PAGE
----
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Clinical usefulness of library and information services in Japan: The detailed use and value of information in clinical settings.

Research paper by Yukiko Y Sakai, Yoko Y Sato, Masae M Sato, Makiko M Watanabe

Indexed on: 29 Jun '18Published on: 29 Jun '18Published in: PloS one



Abstract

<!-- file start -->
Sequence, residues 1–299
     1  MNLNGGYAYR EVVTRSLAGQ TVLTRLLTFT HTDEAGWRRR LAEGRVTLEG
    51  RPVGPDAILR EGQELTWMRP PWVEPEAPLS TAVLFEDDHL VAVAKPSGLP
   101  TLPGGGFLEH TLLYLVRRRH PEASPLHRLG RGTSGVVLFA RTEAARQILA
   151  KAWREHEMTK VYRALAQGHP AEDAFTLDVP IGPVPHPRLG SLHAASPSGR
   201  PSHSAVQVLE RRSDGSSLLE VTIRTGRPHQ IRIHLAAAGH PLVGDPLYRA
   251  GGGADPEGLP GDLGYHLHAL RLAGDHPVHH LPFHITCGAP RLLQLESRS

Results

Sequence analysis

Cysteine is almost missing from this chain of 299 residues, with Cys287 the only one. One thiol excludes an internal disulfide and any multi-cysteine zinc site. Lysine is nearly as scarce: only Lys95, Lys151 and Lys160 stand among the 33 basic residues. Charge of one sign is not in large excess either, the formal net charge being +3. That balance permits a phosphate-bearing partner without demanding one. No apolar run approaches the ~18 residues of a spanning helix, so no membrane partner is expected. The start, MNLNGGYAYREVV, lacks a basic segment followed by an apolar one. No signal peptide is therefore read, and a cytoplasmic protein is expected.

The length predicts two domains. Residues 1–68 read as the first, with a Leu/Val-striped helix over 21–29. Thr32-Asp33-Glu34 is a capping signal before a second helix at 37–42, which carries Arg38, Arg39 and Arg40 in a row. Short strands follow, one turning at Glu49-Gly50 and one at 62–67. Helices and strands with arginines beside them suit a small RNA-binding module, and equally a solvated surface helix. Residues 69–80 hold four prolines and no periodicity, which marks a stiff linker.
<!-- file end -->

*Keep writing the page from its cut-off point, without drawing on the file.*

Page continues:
Considering that there is a lack of evidence regarding the contribution of library and information services to evidence-based medicine in actual clinical practice in Japan, the purpose of the study is to explore the current status of use and value of library and information services in clinical settings to examine the usefulness of information in implementing evidence-based medicine (EBM) into practice. A Web-based survey was conducted at seven sites (hospitals with 300-1,200 beds) and interviews conducted at five sites to investigate information behavior among health professionals (physicians, residents, and nurses) in 2016, replicating the Value Study carried out in the United States in 2010 and 2011. Using a critical incident technique, respondents answered questions about their information topics, information resources used, search location, access points, and evaluation of the information. Analysis from 598 valid responses (275 physicians, 55 residents, and 268 nurses) revealed the characteristics of information use and recognition of the value of information. Physicians and residents showed their information needs regarding clinical care using PubMed (80.4%, 65.5%), Ichushi-Web (61.8%, 63.6%), and UpToDate (40.4%, 65.5%). While physicians rely more on electronic journals (37.8%), residents use more hybrid resources including Japanese print books (38.2%) and online books (30.9% for Japanese, 32.7% for English) to confirm their knowledge. Nurses need more information close to patients and explore a wider variety of information resources such as Japanese print books (60.4%), Ichushi -Web (40.3%), Japanese online books (20.5%), and websites of academic organizations (19.0%). Although the overall recognition of the value of information was relatively modest, concrete changes in clinical practice were found in some areas. Environments with insufficient information and availability of electronic resources should be improved to increase the use of library and information services for implementing EBM.